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More on PET Scans, particularly PSMA PET Scans

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Paul Edwards (not a doctor) says:

For some time I’ve been wanting to gather together all the bits and pieces in the forum on PET Scans.  Whatever you do have a look at the amazing video at the end of this post.


A positron emission tomography (PET) scan is an imaging test that uses a radioactive substance called a radiotracer to look for disease in the body.


Before carrying out a PET scan, a radioactive medicine is produced in a cyclotron (a type of machine). The radioactive medicine is then tagged to a natural chemical.  This natural chemical could be glucose, water, or ammonia.  The tagged natural chemical is known as a radiotracer.  The radiotracer is then inserted into the patient’s body, normally through a canula which has been inserted into the patient’s arm.

When it is inside, the radiotracer will go to areas inside the body that use the natural chemical.  


For example, the 18F-FDG (fluorodeoxyglucose) is a radiotracer that is tagged to glucose. The glucose goes into those parts of the body that use glucose for energy.  Cancers, for example, use glucose differently from normal tissue - so, an FDG PET Scan can show up cancers.


The 18F-FDG PET Scan is probably the commonly used PET Scan in hospitals.  Because prostate cancer is slow-growing, it does not take up glucose as much as other cancers.  For this reason researchers have been looking to develop radiotracers that were more suitable to use for imaging prostate cancer.


For several years the 11C-Choline PET scan introduced at the Mayo Clinic has been regarded as leading the way in the imaging of prostate cancer.  The major limitation of 11C-Choline is that it has a 20-minute half-life (The half life is the time required for one half of the atoms of a given amount of a radioactive substance to disintegrate).  This means that 11C-Choline must be used very quickly after it is produced. For this reason, it must be produced on site very close to where it is administered.  Normally radiotracers are produced off site for safety reasons.


11C-Choline has shown limited sensitivity in men with very low PSAs.  One study showed a 5% detection rate where PSA levels were less than 1.


18F-Fluorocholine is another radiotracer that has been trialled in Europe and Australia with good results. However, it is less sensitive than 11C-Choline and requires a higher PSA level in order to get an effective image.


A PSMA PET scan is one that uses a radiotracer which is targeted to a protein (Prostate-Specific Membrane Antigen) that is found in prostate cancer.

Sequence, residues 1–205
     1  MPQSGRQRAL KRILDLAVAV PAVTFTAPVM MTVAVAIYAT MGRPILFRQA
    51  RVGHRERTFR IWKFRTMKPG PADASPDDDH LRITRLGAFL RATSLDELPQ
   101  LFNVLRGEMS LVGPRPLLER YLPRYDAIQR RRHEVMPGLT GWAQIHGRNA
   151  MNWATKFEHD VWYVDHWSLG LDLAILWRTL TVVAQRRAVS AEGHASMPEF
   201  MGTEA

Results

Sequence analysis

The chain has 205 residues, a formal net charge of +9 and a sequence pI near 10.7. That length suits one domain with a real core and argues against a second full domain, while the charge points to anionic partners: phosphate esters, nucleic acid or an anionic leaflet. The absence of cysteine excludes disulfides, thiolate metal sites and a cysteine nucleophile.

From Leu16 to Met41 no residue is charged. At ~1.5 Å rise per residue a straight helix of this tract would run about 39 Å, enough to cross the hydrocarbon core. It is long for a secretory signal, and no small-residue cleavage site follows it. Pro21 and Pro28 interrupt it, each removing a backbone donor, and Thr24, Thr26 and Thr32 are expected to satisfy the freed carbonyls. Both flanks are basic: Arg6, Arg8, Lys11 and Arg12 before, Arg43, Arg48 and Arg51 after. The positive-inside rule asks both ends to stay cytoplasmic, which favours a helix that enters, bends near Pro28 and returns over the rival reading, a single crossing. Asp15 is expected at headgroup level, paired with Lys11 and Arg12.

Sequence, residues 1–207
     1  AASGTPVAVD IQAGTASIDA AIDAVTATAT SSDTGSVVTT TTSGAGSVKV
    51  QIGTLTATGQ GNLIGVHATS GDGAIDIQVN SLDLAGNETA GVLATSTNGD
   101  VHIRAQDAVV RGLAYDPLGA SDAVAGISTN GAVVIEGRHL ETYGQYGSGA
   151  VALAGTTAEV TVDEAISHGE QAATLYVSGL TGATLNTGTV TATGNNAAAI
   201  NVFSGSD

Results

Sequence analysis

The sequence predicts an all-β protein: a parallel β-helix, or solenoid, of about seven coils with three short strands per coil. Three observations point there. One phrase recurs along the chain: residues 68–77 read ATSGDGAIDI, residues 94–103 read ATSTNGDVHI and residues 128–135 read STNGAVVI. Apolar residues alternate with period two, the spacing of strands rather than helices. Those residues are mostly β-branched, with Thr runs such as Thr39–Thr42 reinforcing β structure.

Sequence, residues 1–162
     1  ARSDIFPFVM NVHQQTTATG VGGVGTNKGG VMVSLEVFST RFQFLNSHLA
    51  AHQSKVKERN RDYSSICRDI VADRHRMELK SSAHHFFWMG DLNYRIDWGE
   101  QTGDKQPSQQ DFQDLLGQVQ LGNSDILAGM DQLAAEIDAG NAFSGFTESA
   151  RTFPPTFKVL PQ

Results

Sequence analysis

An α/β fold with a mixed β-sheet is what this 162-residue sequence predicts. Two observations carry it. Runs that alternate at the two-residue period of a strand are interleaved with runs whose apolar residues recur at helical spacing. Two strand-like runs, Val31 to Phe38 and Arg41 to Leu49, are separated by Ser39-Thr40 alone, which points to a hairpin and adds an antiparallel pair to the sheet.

There are different types of radiotracers are being developed for PSMA PET Scans.  For example, in the United States Johns Hopkins University has developed a 18F-DCFBC radiotracer and Memorial Sloan Kettering Cancer Centre has developed a Zr89-J591 radiotracer.  In Australia we are now using a Gallium(Ga68) radiotracer which was developed in Germany.


The Gallium PSMA PET Scan produces a sharply defined image at very low PSA levels. Because the Gallium PSMA PET Scan targets the Prostate-Specific Membrane Antigen protruding from the outer membrane of the cancer cells, the radiotracer “lights up” on the PET images showing clearly metastases to lymph nodes as well as to bone.


[in my case with a very low PSA of 0.58, the Gallium PSMA PET Scan detected 4 metastases that were not visible on other scans.]


Seeing is believing.  Memorial Sloan Kettering Cancer Centre has produced an excellent video showing the difference that a PSMA PET Scan makes:




Whilst radiology oncologists are predicting that the PSMA PET Scan will revolutionise the treatment of prostate cancer, that revolution is some time away.  At the moment the technology is still being trialled in Australia.  There is limited availability of these scans: only a few hospitals in Australia are offering them. The scans are expensive and are not covered by Medicare.

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Great post Paul.


While we're on the subject, ithere are a few more imaging techniques that could be added to the list - some old, some new.


Everyone will be familiar with a conventional and widely available CT scan, which typically uses a contrast agent to improve X-ray resolution of organ and bone edges, as well as small items like lymph nodes. It's been around for quite a while, and is still very useful - particularly to geographically locate and size PET images.